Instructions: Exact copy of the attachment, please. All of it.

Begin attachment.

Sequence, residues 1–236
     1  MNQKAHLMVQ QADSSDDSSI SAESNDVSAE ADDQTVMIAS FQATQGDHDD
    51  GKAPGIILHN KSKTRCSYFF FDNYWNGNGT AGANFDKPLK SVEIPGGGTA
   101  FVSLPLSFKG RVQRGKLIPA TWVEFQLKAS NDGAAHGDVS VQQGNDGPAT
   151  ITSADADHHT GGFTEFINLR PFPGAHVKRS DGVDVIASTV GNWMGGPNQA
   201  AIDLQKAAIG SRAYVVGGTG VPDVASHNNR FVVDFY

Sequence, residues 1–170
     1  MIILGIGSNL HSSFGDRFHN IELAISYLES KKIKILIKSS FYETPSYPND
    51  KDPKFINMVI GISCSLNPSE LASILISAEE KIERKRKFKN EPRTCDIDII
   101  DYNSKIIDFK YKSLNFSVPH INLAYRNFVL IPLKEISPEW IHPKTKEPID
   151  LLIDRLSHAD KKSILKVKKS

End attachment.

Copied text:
Sequence, residues 1–236
     1  MNQKAHLMVQ QADSSDDSSI SAESNDVSAE ADDQTVMIAS FQATQGDHDD
    51  GKAPGIILHN KSKTRCSYFF FDNYWNGNGT AGANFDKPLK SVEIPGGGTA
   101  FVSLPLSFKG RVQRGKLIPA TWVEFQLKAS NDGAAHGDVS VQQGNDGPAT
   151  ITSADADHHT GGFTEFINLR PFPGAHVKRS DGVDVIASTV GNWMGGPNQA
   201  AIDLQKAAIG SRAYVVGGTG VPDVASHNNR FVVDFY

Sequence, residues 1–170
     1  MIILGIGSNL HSSFGDRFHN IELAISYLES KKIKILIKSS FYETPSYPND
    51  KDPKFINMVI GISCSLNPSE LASILISAEE KIERKRKFKN EPRTCDIDII
   101  DYNSKIIDFK YKSLNFSVPH INLAYRNFVL IPLKEISPEW IHPKTKEPID
   151  LLIDRLSHAD KKSILKVKKS